salaries sneak up despite performance
By Demian McLean, Bloomberg News
Monday, Novovember 7, 2005
WASHINGTON - Median pay for U.S. chief executive officers
swelled by 34 percent last year, to $2.4 million, doubling
the rate of growth in 2003 and outpacing an increase in
corporate earnings, a new survey says.
The jump in compensation was driven by restricted stock
awards, exercised stock options and long-term incentives
such as retirement benefits, Corporate Library of Portland,
Maine, reported in its CEO Pay Survey.
"When we talk to our clients one-on-one, their biggest
concern is the disconnect between pay and performance," said
Patrick McGurn, vice president of Institutional Shareholder
Services, the largest U.S. proxy adviser to fund managers.
The group advised funds to withhold approval of
compensation-panel directors at 60 companies this year,
twice as many as last year.
Shareholder proposals to limit pay or more closely link it
to performance have been increasing in the wake of debates
about corporate governance involving companies such as
General Electric Co. and Fairchild Corp.
Federal regulators including Christopher Cox, chairman of
the Securities and Exchange Commission, have said that
executive pay should be reported more clearly so investors
can hold directors accountable.
"While the median base salary in the S&P 500 creeps
inexorably but slowly toward $1 million, all other elements
of compensation increase exponentially," the report said.
CEOs at companies listed in Standard & Poor's 500 Index
enjoyed a 34 percent jump in total compensation, vs. a 28
percent increase for those not in the index.
Median base salaries rose 4.1 percent among the 1,843
executives tracked last year, an increase that was double
the average rise in U.S. wages, Corporate Library reported.
At the 10 S&P 500-listed companies whose CEOs saw the
biggest raises, six had underperformed their peers in
stock-price growth over five years, the report said.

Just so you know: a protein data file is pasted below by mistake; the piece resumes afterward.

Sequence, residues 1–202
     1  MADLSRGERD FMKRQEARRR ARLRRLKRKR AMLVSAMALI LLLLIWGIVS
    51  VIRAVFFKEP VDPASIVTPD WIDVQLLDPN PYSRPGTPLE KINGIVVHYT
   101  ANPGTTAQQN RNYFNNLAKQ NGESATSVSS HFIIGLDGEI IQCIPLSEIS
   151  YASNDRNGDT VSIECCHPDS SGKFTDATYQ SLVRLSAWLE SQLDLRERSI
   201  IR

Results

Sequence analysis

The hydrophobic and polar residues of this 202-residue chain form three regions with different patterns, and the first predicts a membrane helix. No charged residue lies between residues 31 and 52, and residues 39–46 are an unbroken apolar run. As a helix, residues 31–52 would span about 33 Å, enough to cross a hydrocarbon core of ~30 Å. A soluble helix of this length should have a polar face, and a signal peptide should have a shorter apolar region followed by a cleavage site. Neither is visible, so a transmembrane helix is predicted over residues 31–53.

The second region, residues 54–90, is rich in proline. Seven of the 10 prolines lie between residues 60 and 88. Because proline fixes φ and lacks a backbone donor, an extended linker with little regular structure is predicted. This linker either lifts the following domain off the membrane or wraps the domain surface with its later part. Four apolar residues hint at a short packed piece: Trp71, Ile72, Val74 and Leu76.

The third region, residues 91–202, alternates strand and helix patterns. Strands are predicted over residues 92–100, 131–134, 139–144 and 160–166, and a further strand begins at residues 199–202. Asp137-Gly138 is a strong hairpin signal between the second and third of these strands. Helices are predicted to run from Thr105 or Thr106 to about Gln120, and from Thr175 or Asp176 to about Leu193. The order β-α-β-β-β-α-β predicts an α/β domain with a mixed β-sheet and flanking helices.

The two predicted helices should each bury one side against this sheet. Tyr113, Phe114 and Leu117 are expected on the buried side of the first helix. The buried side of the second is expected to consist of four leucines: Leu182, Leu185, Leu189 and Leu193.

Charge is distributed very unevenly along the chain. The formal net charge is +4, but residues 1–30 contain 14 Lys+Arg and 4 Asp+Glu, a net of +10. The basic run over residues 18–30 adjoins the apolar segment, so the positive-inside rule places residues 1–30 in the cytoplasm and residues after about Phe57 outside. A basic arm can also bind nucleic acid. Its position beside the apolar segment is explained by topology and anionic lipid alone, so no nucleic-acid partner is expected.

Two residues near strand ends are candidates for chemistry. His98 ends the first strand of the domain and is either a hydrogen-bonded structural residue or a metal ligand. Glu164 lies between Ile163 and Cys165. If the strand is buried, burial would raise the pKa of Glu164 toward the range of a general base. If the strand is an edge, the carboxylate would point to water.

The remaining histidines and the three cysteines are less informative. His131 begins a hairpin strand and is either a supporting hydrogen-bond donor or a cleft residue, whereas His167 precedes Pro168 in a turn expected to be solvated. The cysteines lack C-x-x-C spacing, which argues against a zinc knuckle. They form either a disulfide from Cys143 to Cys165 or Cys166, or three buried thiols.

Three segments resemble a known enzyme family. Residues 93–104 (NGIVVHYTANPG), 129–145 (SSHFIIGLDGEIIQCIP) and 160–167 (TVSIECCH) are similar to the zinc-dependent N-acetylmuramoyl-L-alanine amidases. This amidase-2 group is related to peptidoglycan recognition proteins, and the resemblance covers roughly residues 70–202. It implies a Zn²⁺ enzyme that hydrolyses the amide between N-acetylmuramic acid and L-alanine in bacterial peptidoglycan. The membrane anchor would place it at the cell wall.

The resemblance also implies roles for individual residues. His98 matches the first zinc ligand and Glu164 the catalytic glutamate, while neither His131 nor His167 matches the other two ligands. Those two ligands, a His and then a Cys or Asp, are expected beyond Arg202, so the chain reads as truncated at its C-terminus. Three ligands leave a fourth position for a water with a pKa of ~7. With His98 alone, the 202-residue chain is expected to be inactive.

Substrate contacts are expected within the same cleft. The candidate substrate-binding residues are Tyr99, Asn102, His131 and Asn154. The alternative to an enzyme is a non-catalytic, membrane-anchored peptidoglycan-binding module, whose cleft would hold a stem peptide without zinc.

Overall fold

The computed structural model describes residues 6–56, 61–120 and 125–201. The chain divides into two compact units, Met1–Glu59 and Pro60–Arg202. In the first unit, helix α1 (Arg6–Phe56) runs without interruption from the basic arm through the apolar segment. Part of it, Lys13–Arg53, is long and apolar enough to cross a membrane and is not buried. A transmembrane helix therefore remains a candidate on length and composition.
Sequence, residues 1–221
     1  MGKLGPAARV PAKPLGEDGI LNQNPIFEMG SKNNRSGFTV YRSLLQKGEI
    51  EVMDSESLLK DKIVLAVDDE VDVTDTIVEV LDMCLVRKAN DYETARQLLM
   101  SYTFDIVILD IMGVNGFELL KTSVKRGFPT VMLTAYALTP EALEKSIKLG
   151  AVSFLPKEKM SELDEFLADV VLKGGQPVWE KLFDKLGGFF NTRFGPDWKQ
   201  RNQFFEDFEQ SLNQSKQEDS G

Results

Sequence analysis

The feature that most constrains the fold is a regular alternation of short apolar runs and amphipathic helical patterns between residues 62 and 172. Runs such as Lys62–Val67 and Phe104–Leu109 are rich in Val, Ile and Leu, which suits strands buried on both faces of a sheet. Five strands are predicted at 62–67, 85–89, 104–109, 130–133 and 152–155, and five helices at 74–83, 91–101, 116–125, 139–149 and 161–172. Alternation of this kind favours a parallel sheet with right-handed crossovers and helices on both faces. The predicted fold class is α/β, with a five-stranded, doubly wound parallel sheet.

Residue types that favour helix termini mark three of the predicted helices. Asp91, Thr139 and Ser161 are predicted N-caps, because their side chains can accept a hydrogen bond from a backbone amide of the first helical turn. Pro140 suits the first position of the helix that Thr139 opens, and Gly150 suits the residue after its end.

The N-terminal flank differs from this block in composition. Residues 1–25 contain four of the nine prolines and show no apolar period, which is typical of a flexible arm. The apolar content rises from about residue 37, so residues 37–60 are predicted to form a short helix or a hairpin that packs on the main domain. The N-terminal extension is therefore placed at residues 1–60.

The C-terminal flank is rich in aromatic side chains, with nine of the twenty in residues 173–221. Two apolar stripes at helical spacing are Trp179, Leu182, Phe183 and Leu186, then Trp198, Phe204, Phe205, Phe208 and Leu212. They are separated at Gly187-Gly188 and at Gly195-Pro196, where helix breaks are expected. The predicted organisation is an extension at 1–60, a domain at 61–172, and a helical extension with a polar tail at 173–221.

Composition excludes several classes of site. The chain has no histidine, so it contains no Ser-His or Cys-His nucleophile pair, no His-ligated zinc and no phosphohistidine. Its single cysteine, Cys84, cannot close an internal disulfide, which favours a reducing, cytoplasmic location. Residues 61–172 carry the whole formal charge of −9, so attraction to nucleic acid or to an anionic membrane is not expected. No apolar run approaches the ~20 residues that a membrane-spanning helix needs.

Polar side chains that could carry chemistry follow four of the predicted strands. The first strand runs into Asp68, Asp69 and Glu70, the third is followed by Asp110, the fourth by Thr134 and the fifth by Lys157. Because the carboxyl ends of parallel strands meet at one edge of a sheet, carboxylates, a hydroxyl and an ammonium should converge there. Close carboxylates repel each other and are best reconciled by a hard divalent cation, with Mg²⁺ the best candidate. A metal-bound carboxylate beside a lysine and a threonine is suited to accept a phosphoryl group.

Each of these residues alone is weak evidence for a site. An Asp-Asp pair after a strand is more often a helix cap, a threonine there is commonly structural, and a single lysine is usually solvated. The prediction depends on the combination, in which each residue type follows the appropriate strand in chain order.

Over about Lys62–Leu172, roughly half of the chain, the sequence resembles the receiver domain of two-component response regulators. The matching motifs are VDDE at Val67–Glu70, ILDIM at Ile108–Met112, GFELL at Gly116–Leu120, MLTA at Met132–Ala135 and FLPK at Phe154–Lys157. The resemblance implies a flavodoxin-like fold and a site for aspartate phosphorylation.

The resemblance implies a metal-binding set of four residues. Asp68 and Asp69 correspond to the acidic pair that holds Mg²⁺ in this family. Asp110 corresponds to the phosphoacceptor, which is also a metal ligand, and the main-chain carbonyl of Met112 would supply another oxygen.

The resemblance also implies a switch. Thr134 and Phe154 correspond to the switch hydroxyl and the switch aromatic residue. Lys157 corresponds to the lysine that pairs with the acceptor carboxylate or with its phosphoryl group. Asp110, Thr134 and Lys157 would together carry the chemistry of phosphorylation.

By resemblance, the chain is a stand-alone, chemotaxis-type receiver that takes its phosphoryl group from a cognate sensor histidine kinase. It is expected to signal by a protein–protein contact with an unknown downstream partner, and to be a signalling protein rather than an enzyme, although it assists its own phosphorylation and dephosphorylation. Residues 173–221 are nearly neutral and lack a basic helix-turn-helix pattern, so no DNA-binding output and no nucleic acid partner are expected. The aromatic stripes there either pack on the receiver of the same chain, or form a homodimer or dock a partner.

"Had these CEOs received indexed stock options - stock
options whose exercise price rises up or down in line with
the price performance of a chosen peer group - then they
would have made nothing from these stock options," the
In 2004, investors voted on 177 resolutions to limit or
change the way executives are paid, according to a survey by
Georgeson Shareholder Communications Inc.
Those proposals represented 40 percent of all shareholder
initiatives and were triple the number of compensation
proposals filed in 2001.
Jeffrey Steiner, Fairchild Corp. chairman and chief
executive officer, agreed last month to pay $3.76 million to
settle shareholders' lawsuits about his salary and benefits.
The agreement, if approved, would end litigation about
claims that Steiner and other Fairchild board members
violated legal duties to shareholders by approving excessive
salaries and perks for the chief executive and a family
member who works at the company.
Steiner was paid a salary of $2.5 million last year, when
Fairchild ended three years of losses by reporting net
income of $3.36 million, according to Bloomberg data.
In 2004, General Electric reached a settlement with SEC
regarding the company's failure to disclose some of the
details of former CEO Jack Welch's retirement package.
SEC valued the package, which included a New York apartment,
bodyguards and a leased Mercedes-Benz, at $2.5 million a
General Electric agreed to full disclosure of future accords
without saying it committed any wrongdoing or paying a fine.